Typology of new psychoactive substance use among the general Australian population
Study aims: The aim of this study was to examine the typology of Australian illicit drug consumers to determine whether those who use new psychoactive substances (NPS) differ from those using other illicit substances.
Methods: Data were from the 2013 National Drug Strategy Household Survey, a representative population study; analyses were limited to participants reporting past year illicit drug use (including NPS; n = 3309). Latent class analysis identified groups based on past year substance use, and a weighted multivariable, multinomial regression model was used to examine characteristics associated with group membership.
Results: Six consumer typologies were identified: cannabis consumers (46%), pharmaceutical consumers (21%), ecstasy and cocaine consumers (19%), amphetamine and cannabis consumers (7%), polysubstance consumers (6%), and inhalant consumers (2%). Sixteen participants (total sample: 0.07%; NPS consumers: 5.7%) reported exclusive NPS use. Synthetic cannabinoid receptor agonist use was highest among amphetamine and cannabis consumers and polysubstance consumers; other NPS use was highest among polysubstance consumers. Polysubstance consumers were younger than all other groups, and more likely to engage in dangerous activities while under the influence of substances, inject drugs and report hazardous alcohol consumption. Amphetamine and cannabis consumers were more likely to report trouble ceasing their drug use.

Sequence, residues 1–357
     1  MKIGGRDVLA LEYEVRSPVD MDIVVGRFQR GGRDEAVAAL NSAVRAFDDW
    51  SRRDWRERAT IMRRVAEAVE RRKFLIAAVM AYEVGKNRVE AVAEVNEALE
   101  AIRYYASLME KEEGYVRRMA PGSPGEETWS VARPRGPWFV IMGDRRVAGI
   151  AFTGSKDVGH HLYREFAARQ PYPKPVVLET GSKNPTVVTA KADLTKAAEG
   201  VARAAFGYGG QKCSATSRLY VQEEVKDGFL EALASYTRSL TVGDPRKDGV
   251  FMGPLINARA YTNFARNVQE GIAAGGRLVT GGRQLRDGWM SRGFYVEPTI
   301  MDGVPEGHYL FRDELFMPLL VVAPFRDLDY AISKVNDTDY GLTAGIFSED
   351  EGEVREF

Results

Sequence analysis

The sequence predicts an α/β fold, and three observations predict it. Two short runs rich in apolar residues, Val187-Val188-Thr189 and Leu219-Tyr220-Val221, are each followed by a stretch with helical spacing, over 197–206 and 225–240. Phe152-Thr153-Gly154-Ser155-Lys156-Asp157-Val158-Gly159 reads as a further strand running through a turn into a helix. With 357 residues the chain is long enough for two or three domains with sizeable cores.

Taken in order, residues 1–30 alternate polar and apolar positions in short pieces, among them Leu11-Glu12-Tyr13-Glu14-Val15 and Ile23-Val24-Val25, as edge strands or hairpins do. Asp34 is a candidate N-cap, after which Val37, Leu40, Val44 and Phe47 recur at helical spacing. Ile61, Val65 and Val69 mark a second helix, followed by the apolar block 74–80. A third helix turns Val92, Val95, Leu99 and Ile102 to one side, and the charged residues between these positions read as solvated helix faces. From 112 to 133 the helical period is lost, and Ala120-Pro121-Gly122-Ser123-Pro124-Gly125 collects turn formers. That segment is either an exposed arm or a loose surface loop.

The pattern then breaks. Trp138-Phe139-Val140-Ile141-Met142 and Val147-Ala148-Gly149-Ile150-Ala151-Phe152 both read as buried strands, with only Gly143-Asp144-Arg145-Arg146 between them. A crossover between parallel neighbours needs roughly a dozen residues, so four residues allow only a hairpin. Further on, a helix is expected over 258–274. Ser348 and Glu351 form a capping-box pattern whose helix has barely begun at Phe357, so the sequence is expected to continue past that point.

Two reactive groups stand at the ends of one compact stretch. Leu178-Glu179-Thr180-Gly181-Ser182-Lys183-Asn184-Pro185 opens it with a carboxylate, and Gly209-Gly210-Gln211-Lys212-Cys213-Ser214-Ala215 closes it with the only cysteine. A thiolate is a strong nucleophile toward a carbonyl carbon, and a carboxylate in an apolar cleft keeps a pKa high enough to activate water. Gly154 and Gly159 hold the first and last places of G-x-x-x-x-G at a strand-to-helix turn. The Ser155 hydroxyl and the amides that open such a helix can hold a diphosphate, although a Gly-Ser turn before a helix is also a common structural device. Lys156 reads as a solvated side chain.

Conclusion: We found no distinct profile of NPS-only consumers; however, NPS use was a marker for more problematic patterns of use. Our findings suggest that specialised NPS interventions or harm reduction messages may not be required in the Australian context; rather, they could be based upon existing responses to drug use.